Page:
• Ukraine: Shakhtar Donetsk qualified for the men’s UEFA Champions League again this season and can’t play European matches in Ukraine — in fact, they haven’t played in Donetsk since 2014 because of the first Russian invasion of Ukraine — so they’ll play their games in the competition at Hamburger SV’s Volksparkstadion. Last season, they were hosted in Poland by Legia Warszawa.
  • On a blog where the author does the New York Times crossword each day, the guest author of yesterday’s post included a fundraising plug for a triathlon he’s training for. It shows a picture of him wearing the Uni Watch cycling jersey. (From Joe Makowiec)
Grab Bag
  • In an Australian Football League men’s game on Saturday, Brisbane’s Deven Robertson had his shirt ripped completely in half in a tackle, proceeding to play with it hanging off of him in shreds. After a few seconds he threw it away completely and briefly played shirtless before one of Brisbane’s runners brought him another one. (From Travis Holland)
  • During Covid, an entrepreneur in Colorado started creating belts out of trading cards. The article shows MLB, NBA, and NFL designs, but he does other sports leagues as well as movies, music, and TV shows. (From Matthew Wolfram)
  • One of Delaware field hockey’s promotions for this season is a T-shirt featuring a logo for the 25th anniversary of their stadium, followed by a mini-stick giveaway.
Comments (10)

    The card belts are a very cool idea, but I would be a little cautious if deciding to order one. My wife got me one of his hockey card belts, made of all 90s Penguins, which was awesome. But, it is kind of an awkward product, and mine broke after about a month of normal use. First, I’ll say that in person I don’t think the belts look quite like they do on his site. The images seem processed to some degree, as I think they look almost like images screened onto fabric when viewed on the site. In reality, you’re definitely getting laminated cards, which look like you probably think they do. Because of the stiffness inherent in laminated cardboard there is a break in period, where it’s a bit clunky to wear. You kind of have to crease it where it bends around your waste, to get it to work. Lastly, the little loop that holds the end of the belt ripped and fell off after about a month. So, a super cool idea, but the one I got could have used some refinement.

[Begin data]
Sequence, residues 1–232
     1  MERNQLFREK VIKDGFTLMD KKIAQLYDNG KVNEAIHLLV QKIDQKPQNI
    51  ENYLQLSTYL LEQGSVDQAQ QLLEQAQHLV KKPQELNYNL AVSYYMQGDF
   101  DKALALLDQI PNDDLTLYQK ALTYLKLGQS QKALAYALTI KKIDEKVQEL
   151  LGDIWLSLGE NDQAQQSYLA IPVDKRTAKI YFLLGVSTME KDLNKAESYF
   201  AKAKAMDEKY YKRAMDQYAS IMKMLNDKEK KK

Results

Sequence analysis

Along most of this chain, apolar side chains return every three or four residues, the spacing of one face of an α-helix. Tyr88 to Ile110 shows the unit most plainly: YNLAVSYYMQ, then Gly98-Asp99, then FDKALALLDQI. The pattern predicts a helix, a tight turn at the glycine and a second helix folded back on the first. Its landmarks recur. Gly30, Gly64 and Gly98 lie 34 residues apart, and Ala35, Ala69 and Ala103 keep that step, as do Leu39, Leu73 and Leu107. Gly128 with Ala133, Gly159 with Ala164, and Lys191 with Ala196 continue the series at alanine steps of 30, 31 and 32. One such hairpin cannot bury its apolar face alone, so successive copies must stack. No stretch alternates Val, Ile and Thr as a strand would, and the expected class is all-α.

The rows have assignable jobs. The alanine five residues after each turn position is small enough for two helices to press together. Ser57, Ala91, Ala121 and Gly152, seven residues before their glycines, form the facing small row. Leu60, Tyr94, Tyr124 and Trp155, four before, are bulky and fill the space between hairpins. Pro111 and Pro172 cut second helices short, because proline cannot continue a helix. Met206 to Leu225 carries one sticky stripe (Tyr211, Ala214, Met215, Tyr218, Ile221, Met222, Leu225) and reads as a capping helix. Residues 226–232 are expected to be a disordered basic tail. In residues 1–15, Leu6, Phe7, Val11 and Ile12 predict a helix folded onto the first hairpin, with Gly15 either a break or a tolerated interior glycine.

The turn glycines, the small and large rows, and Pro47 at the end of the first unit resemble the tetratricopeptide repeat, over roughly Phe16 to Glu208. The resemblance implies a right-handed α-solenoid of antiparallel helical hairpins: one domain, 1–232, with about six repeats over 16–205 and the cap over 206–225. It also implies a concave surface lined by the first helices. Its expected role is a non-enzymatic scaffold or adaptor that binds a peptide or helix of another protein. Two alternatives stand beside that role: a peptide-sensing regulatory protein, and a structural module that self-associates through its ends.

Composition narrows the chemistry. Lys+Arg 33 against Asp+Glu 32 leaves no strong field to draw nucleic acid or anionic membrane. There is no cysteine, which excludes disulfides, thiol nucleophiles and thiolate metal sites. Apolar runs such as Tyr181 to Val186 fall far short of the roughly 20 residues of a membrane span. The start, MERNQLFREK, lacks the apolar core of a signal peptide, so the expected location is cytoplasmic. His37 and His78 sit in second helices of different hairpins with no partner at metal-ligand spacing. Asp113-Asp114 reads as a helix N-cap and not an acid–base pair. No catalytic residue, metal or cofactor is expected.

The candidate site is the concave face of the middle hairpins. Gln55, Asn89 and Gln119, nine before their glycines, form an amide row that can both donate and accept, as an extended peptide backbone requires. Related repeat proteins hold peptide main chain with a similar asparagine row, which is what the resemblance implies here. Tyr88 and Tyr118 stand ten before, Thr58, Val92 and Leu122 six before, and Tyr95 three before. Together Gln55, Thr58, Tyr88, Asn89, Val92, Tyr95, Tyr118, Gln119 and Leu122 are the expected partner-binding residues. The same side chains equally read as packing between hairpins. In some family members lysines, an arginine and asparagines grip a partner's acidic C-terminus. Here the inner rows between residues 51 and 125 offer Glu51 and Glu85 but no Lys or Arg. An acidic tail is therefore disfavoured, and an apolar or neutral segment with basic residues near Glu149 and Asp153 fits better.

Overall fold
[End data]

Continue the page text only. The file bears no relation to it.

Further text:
I took a trip to Scandinavia this summer. I noticed a disturbingly large number of Yankees caps in non-Yankees colors.

    I noticed a disturbingly large number of Yankees caps in non-Yankees colors.

    Fixed it for ya

    Yankees caps were hugely fashionable across the continent when I lived in Europe 2003-05. I don’t think many Europeans had any clue what the logo meant in any specific way. I mean, when we first arrived in Amsterdam, there were weekly mass protests against the then-looming US invasion of Iraq, and you’d see a hundred thousand young people chanting anti-American slogans, most of the men wearing a Yankees cap.

    I took to wearing a Red Sox cap while I lived there. To locals, it read like a fashion miss, like I had a knock-off or cheap off-brand version of the trendy Yankees cap. To American and Canadian expats and tourists, it functioned like a neon sign identifying me as an American, differentiating me clearly from the average local in his Yankees cap.

    RE: The guy who makes belts out of trading cards. Very cool, but I think illegal as a commercial enterprise. I started down the road of making things out of otherwise worthless old baseball cards and found that the card companies will shut you down on ebay or etsy or wherever. The public might mistake your products as officially licensed, degrading their brand, supposedly.

Leave a Reply

Your email address will not be published. Required fields are marked *